How many times have I said that while shaking my head after reading articles, blogposts and books about church leadership? I could write a book.
I know I’m not alone in this. If you’re a Small Church pastor, you’ve had the same experience on many occasions.
The articles and books I’m referring to are written with good intentions, and the ideas in them aren’t wrong. I’ve even used one of the books I read recently (Andy Stanley’s “Deep & Wide”) in a post entitled, 5 More Principles Small Churches Can Learn from Megachurches.
But even in a good book like Stanley’s, I spend a lot of time shaking my head, thinking…
They just don’t get it.
Big Church Solutions
For example, here’s a short list of some church ministry ideas I’ve read in the last few weeks. These were all presented as either must-do, or very important to do.
- Volunteer training
- Regular staff vision meetings
- One day a week for sermon prep
- Age-appropriate, well-lit children’s facilities
- Uncluttered meeting rooms, cleared of stacked chairs and unecessary furniture
- Video announcements
- Parking lot attendants with uniforms
- Professional signage
- Coordinated start/end times for adult/kids’ services
- Not putting people in a ministry unless they’re gifted for it
I don’t disagree with any of those ideas. They all make sense.
But in all the material I’ve read in the past month, and most of what I’ve read for the past 30 years, none of those suggestions was tempered with a recognition of Small Church realities and alternative solutions. These writers (most of them, megachurch pastors) don’t seem to get that most churches, while they’d love to implement their ideas, don’t have the time, money or other resources to pull them off.
When it come to Small Church realities…
They. Just. Don’t. Get. It.
Small Church Realities
Here are a few of my headshakers in response to some of the above ideas, based on what I know a lot of Small Church pastors are going through:
Staff vision meetings? That happens between the pastor and his/her spouse over dinner every night. How about one, just one volunteer the pastor isn’t related to, who’ll show enough commitment that they can be considered a volunteer staff member?
One day a week for sermon prep? Most bi-vocational pastors with families are hoping to eke out a couple uninterrupted hours on a Saturday night for that. If they could find an entire day to set aside, they wouldn’t – and shouldn’t – spend it on sermon prep. That would be a family day.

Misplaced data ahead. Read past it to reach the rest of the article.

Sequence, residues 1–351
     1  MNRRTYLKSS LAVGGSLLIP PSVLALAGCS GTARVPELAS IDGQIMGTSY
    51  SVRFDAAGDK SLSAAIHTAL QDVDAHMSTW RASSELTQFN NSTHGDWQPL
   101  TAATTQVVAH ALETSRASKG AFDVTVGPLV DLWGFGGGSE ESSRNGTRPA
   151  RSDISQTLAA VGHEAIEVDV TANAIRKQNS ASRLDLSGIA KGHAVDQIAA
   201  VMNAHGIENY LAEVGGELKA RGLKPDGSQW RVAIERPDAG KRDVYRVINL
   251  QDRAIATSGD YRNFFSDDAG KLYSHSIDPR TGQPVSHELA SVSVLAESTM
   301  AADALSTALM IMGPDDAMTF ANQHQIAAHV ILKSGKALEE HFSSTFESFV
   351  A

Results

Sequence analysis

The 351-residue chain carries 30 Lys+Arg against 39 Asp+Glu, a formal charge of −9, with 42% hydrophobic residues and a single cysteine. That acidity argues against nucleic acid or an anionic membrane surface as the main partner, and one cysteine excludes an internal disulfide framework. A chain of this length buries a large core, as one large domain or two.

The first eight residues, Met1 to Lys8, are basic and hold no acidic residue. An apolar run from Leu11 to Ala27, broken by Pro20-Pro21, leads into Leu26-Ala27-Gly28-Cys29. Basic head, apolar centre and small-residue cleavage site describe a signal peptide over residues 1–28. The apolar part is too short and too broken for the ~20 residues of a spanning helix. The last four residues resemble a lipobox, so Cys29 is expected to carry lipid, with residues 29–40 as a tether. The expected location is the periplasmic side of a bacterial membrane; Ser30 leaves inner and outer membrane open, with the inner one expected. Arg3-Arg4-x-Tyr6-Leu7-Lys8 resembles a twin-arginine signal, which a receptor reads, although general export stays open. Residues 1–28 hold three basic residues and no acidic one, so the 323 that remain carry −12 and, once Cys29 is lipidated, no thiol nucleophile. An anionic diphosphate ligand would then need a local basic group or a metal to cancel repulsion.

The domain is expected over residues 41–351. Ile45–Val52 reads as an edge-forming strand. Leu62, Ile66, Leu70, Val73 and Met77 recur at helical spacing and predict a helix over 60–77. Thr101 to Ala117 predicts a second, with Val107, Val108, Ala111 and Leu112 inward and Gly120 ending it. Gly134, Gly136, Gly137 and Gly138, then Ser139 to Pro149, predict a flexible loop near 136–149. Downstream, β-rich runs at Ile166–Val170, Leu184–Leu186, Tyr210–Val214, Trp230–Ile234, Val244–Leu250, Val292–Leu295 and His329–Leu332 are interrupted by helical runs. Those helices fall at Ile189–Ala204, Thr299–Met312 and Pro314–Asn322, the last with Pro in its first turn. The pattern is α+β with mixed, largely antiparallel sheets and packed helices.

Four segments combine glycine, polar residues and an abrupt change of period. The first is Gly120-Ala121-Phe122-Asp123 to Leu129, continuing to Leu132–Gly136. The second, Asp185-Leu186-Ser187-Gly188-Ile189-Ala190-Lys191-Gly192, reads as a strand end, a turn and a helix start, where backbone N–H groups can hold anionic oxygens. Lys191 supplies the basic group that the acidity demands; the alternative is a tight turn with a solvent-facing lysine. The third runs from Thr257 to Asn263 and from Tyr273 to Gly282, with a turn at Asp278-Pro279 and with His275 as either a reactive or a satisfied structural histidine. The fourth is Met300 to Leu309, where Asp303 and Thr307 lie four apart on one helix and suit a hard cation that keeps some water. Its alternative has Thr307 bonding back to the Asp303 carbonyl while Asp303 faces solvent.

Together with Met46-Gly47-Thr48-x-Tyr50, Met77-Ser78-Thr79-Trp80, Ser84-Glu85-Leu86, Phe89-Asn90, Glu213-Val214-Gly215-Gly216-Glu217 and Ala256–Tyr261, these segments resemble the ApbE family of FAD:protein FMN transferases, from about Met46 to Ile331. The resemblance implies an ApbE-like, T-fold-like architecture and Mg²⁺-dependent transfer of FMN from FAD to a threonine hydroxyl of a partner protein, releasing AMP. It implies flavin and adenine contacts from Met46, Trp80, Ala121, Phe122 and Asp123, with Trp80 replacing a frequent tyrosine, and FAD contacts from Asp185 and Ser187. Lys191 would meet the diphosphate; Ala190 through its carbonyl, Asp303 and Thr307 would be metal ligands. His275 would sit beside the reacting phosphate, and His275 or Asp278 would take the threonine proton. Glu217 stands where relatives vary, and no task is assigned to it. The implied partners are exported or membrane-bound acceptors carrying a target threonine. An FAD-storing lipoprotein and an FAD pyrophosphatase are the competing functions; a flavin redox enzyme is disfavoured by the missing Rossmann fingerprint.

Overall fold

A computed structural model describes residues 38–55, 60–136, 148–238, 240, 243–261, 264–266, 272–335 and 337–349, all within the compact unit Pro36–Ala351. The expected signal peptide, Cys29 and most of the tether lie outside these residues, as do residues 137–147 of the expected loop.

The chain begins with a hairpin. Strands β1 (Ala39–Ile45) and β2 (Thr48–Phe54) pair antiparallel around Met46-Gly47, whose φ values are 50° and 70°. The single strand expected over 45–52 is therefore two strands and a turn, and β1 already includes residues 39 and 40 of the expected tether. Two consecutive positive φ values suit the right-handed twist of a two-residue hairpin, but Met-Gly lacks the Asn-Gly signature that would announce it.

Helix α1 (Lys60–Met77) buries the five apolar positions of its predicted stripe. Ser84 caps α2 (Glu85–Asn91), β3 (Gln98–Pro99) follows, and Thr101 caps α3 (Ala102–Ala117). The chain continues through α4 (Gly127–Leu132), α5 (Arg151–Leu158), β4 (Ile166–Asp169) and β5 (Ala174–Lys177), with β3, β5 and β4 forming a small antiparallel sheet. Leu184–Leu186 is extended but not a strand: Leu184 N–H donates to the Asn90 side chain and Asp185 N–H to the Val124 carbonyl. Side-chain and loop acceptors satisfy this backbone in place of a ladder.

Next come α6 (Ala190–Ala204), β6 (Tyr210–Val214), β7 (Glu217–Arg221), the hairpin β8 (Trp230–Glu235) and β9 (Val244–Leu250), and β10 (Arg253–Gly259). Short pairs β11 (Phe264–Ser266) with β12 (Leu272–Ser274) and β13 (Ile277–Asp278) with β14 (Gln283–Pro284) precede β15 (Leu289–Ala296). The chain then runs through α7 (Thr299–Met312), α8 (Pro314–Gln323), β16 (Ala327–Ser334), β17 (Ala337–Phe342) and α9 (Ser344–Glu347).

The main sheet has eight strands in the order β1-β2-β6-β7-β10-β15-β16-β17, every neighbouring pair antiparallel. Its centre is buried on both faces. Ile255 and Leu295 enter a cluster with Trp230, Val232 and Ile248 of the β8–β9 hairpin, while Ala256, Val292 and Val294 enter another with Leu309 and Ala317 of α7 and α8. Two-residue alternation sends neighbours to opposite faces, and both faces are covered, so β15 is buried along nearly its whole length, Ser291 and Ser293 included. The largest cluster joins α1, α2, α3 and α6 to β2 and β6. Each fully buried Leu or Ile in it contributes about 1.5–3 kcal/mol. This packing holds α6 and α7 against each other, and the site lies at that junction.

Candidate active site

Uncluttered meeting rooms? When your facility is small and multi-use (like our church), there’s nowhere else to put the stacked chairs. That “clutter” is proof that the room gets used for more than just one meeting each week.
Video announcements? Many Small Churches don’t own a video projector, screen or the computer to run it. Let alone someone with the time and talent to edit it into a tight video package. And what would be the point of doing that for 40 people, anyway?
Not putting people in a ministry that doesn’t match their gifts? But who, exactly has the empty-the-garbage-and-clean-the-restrooms gift? Other than the pastor’s wife, of course.
I’m not wanting to be a whiner. But I do want people to be aware of this reality. So I have three requests for three classes of people:
1. Church leadership bloggers and authors. Please consider that the vast majority of pastors reading your material are in Small Churches. Give us some Small Church alternatives alongside your big church solutions. Show us you get it.
2. Denominational officials & seminary profs. Please prepare the next generation of ministers for the likelihood that they’ll face Small Church challenges. Cries of “they didn’t teach me this in bible college” as a pastor heads to the restroom with a plunger aren’t funny any more. Prepare them to get it.
3. Small Church pastors. Try not to get discouraged. Take what you can from all the helpful blogs and books out there. But try not to put unrealistic expectations on you, or your church’s shoulders based on lessons that don’t fit your reality. Be who you are. Not what someone else thinks you ought to be. Get it? Got it? Good.
So what do you think? Have you faced similar frustrations with pastoral ministry articles and books?
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